Pat, who is going on 107 years old, says she was surprised that her difficulty breathing was caused by a heart problem, not her lungs.
Leah feels that her job is that of a mediator in helping to work with tribes and returning sacred objects to those Tribes. Leah shares that some people from Tribes, were suspicious of her during initial contact in efforts to identify and goes on to describing some of the sensitivity involved with the handling of those items. Leah feels that museums need to listen and take more seriously what the Tribes say and feel about sacred items that those museums have in their possession and to work with Tribes in possible repatriation of those items as appropriate.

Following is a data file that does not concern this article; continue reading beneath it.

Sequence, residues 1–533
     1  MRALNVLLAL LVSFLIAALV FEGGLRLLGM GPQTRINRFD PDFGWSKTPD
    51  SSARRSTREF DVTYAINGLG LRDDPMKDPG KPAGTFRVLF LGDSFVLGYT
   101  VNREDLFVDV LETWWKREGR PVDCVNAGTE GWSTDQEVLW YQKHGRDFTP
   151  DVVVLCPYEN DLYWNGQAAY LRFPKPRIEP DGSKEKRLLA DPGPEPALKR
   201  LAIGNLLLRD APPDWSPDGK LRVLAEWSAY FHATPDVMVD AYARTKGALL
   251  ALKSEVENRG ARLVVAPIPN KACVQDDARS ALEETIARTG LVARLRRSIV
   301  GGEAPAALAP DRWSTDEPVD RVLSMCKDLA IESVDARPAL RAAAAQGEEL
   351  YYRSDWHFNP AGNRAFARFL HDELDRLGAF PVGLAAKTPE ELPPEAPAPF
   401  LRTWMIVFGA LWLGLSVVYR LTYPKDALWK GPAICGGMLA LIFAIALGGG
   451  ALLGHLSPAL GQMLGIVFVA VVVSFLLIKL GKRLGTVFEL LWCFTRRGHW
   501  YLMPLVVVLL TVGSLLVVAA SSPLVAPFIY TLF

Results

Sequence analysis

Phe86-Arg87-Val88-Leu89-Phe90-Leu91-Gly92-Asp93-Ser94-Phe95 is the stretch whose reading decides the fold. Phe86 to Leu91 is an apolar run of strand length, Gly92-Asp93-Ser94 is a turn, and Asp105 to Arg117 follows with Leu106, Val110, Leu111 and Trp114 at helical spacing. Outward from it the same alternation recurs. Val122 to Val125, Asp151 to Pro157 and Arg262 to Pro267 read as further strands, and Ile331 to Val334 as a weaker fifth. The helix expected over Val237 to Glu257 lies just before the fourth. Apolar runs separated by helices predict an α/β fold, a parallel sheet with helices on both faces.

Writer, and Native American from Leach Lake Reservation, David Treuer, last year published “Rez Life,” an important work on many levels. David Treuer is the author of three novels. With one previously published collection of essays, “Rez Life” is his first full length work of non-fiction; and was recently released in paperback. In the book, Treuer addresses tough and controversial subjects
like treaty rights and relations with non-Indians; and the corruption and shortcomings of tribal governments and leadership. He skillfully weaves valuable historical data into narratives that tie the large historical and legal issues he writes about to the lives of contemporary Indians living in Minnesota. David Treuer appeared at the Cass Lake Library last in February of 2012 to talk about, and read passages from “Rez Life.” This piece is comprised of highlights from the event.